Monday, April 9, 2012

Get rid of at-will employment? Give me a break!

On Donna Ballman’s blog, Screw You Guys, I’m Going Home, she argues for a radical change to at-will employment. She believes that unemployment hearing officers should have the power to reinstate, with back pay, anyone fired without just cause:

Most employers can fire you for any reason or no reason at all…. Then, to add insult to injury, our tax dollars pay for the cost of unemployment compensation and the side-effects of unemployment, all because your boss had a hissy fit one day and fired you without just cause…. Every state in the nation already has a set of hearing examiners or referees who hear unemployment cases. If the employee is fired for misconduct, they don’t get to collect. But what about the employer who fires without just cause? Why not give the unemployment hearing officers one more power: the power to reinstate with back pay.

I applaud Donna’s bravado in arguing for a radical solution to a problem she perceives. But, is it really a problem at all? In reality, few employers act on whims of fancy. We can debate what qualifies as “just cause,” but the fact is that few employer fire good employees. It is not a good business decision for a company to let a good worker go. Good employees keep their jobs, marginal employees are at risk, and bad employees are fired. And, when an undeserving employee is fired, there are myriad employment laws to protect their rights from an unjust dismissal.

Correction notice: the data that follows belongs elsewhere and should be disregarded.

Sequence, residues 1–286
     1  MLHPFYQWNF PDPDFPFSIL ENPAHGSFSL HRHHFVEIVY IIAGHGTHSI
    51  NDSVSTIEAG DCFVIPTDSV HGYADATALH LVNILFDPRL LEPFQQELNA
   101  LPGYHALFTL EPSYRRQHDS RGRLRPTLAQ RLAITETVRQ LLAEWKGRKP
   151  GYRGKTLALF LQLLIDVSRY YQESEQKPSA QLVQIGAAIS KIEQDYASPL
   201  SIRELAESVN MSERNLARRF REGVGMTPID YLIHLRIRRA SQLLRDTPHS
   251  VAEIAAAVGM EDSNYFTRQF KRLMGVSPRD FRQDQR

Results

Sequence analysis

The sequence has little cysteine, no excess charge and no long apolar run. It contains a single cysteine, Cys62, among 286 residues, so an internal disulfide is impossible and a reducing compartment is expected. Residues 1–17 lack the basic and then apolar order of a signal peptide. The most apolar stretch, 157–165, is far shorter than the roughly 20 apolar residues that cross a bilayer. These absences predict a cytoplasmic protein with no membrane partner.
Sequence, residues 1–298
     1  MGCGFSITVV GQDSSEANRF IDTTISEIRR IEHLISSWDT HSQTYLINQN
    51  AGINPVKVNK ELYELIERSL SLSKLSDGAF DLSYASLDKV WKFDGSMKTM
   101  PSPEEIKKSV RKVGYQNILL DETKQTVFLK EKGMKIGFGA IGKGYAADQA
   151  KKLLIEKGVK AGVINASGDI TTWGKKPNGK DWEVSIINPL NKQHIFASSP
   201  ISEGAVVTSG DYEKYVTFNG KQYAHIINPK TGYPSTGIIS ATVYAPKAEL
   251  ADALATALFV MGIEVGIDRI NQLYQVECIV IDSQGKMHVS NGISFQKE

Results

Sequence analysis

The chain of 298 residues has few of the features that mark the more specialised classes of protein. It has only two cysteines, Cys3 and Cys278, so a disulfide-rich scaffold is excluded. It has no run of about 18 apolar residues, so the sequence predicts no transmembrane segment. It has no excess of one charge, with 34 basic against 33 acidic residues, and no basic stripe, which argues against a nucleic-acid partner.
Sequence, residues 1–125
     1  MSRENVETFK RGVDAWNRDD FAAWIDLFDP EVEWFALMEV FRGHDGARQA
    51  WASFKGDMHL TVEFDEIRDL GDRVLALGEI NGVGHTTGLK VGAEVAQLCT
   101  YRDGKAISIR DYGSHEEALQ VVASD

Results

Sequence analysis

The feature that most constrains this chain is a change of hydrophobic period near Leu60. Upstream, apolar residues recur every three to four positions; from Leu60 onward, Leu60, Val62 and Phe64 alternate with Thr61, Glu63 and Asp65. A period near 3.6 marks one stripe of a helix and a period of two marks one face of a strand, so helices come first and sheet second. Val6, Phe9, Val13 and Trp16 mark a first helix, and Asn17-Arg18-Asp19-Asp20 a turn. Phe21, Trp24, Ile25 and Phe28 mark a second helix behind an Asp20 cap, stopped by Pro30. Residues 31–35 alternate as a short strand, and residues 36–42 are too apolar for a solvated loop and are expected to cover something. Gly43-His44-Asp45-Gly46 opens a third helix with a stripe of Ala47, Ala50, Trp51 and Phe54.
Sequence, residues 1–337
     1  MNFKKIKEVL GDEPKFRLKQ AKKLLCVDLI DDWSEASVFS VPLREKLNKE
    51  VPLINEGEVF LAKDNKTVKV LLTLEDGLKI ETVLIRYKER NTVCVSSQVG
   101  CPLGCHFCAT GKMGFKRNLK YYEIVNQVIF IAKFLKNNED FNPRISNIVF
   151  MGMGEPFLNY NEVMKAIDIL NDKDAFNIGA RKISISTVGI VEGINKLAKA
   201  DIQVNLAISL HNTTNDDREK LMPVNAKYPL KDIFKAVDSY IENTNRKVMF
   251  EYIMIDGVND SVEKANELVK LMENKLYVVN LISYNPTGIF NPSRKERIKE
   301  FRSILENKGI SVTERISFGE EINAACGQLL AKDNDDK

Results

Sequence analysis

Moreover, placing into the hands of unemployment hearing officers the power to reinstate (with back pay) would cripple workforce mobility and hiring. If employers face a risk of having overturned all but the clearest of terminations, they will be reluctant to fire all but worst of employees. Businesses will be stuck with the middling and marginal, harming their ability to employ the best and the brightest. Donna’s scheme would therefore result in fewer job opening, which, in turn, would irreparably damage hiring and create longer periods of unemployment for those searching for work.

Finally, at least in Ohio, the premise that individual taxpayers foot the bill for employers’ whims is faulty. In Ohio, unemployment is funded by a tax on employers. Employers’ tax rates go up and down based on the number of claims paid (like any other insurance scheme). For 2012, that rate can be as high as 9.1%. So, it is in employers’ best interests not to fire on a whim, because the resulting unemployment claim will raise their contribution rate, resulting in a higher tax. In other words, bad firing decisions hit an employer where it hurts, the bottom line. 

Donna, if you’re still convinced that your idea makes sense, I’ll make you a deal. When you agree that we need to adopt my Employer’s Bill of Rights, I’ll agree that at-will employment is a dinosaur (and, watch out for the flying pigs).